THE CHURCHILL SOCIETY
The Rt Hon The Lord Tebbit. CH
The House of Lords
Dear Lord Tebbit
Having read in The Times Newspaper (15th May 2004) your criticism * of the National Lotteries refusal to contribute to the memorial to the Battle of Britain pilots, (please visit our web page Link) I am writing to express my complete agreement and share with you my anger.
At the beginning of the war I was 17 years of age and all the lads I knew became fighter pilots. Needless to say very few of them survived.
My anger is not only on a personal basis. The Churchill Society of London (of which I am Chairman) suffers similar refusals for assistance in establishing a lasting monument to Sir Winston Churchill.** Indeed our application to have a stand in the £900 million pound Dome in his honour was not even replied to. The Dome is still costing £250,000 a month and still empty!
It appears that those who run the Lottery have little or no appreciation of their debt to Sir Winston and the 'Fighter Boys", without whose actions their freedom to make such decisions would not exist.
Lord Tebbit's reply House of Lords LONDON SW1A OPW
May 28th 2004.
Dear Mrs Timms
Thank you for your letter. Ms Forgan is a former Women's Editor of The Guardian.
Need one say more
(Handwritten) Norman Tebbit.
Editor's note. Liz Forgan, is Chairperson of The Heritage Lottery Fund.
** For further information please visit the following web pages:-
The case for a distinguished London Monument and CHURCHILL HOUSE LONDON.> ___________________ *THE TIMES NEWSPAPER
May 15, 2004 Copyright.
Tebbit accuses lottery fund of
'spitting in the face'
of 'The Few'
over decision not to back Battle of Britain Memorial
By Lewis Smith
THE chairman of the Heritage Lottery Fund was accused yesterday of "spitting in the faces" of the Few who won the Battle of Britain.
Lord Tebbit launched his scathing attack on Liz Forgan and the fund after being told that there was no chance of the organisation contributing to the £1.5 million cost of a Battle of Britain memorial.
He is furious that the fund has pledged £1 million to a Women at War memorial but will not honour the men and women who saved the nation during the Battle of Britain.
The Times can today show the first two sections of the monument at the centre of the row, which have been completed in clay by the sculptor Paul Day ready to be cast in bronze. Fundraisers are also celebrating reaching the first £1 million of the £1.5 million needed for the project.
Lord Tebbit, a former RAF pilot who is leading the fund-raising campaign, said he was shocked at being given the "brush-off" by Ms Forgan and the fund's refusal to help. "I'm amazed that she's not prepared to talk to me and even listen to the case," he said. "I regard it as spitting in the face not merely for the pilots but all the others who took part in the battle."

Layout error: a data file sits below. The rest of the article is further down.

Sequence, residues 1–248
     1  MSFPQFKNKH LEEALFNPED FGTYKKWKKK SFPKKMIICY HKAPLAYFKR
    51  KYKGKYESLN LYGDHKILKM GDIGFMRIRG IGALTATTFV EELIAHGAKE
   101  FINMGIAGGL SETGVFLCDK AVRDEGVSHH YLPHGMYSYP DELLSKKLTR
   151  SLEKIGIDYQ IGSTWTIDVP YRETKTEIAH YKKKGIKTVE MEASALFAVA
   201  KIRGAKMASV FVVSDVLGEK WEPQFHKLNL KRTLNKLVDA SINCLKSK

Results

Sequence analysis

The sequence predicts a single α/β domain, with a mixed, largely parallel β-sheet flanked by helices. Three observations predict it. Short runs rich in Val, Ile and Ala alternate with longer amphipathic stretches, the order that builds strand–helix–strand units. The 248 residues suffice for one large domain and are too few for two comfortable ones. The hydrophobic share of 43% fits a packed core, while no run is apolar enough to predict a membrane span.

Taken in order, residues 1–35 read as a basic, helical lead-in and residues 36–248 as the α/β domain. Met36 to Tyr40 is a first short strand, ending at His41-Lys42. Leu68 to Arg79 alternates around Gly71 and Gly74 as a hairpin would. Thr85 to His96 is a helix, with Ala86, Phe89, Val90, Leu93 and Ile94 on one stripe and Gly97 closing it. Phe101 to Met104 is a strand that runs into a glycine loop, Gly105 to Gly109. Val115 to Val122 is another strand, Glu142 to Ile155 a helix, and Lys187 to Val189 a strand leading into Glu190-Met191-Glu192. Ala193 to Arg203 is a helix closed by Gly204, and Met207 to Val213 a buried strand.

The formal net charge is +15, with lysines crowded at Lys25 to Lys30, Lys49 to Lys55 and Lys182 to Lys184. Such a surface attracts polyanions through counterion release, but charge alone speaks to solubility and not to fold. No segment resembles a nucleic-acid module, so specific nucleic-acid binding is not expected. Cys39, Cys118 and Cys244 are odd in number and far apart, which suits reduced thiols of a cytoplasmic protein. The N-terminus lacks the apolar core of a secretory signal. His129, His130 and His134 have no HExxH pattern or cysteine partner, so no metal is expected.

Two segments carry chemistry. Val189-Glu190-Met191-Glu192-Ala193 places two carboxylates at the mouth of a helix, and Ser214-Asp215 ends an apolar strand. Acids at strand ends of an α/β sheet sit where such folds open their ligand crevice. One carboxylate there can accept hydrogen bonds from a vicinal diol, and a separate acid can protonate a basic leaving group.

However, he remained confident that enough money would be raised to pay for the monument, which organisers hope the Queen will unveil next year on the Embankment in Central London.
Ms Forgan said she had explained to Lord Tebbit that the lottery did not fund new memorials but that Women at War was an "exceptional national monument". She said the Battle of Britain memorial was "an admirable project".
Contributions to the memorial by private individuals and organisations have ranged from £2 to £100,000.
Mr Day is about to start work on the final part, a three-dimensional depiction of Battle of Britain pilots being scrambled to intercept enemy aircraft.
The monument, placed on a granite plinth, will be the only dedicated memorial in London commemorating the men and women who fought the Battle of Britain. The names of the 2,925 pilots who fought from July 10 to October 31, 1940, will be carved on the plinth.
Mr Day said that the panels, using four tons of clay each, took a year to sculpt at his studio in a village near Dijon, France. When cast in bronze they will weigh up to ten tons each. He said: "I've tried to put across in a simple snapshot something of what the people then were going through &emdash; the determination, the courage, the fear, the pounding hearts and the bursting blood vessels."
He said it was "exhilarating" to have worked on the memorial. He had relied on veterans' reminiscences, war diaries and history books for inspiration.
Mr W S Churchill's improper appointment.
Re missing items at Chartwell.
The scandal of the Chartwell Papers.
Churchill family v College College Cambridge..
Re CHURCHILL HOUSE London.
The Greatest Briton
The Greatest Briton
Library of Congress USA.
The Churchill Exhibition
An Award for Stupidity
...'spitting in the face' of 'The Few'
Dishonesty at the Chartwell Gift Shop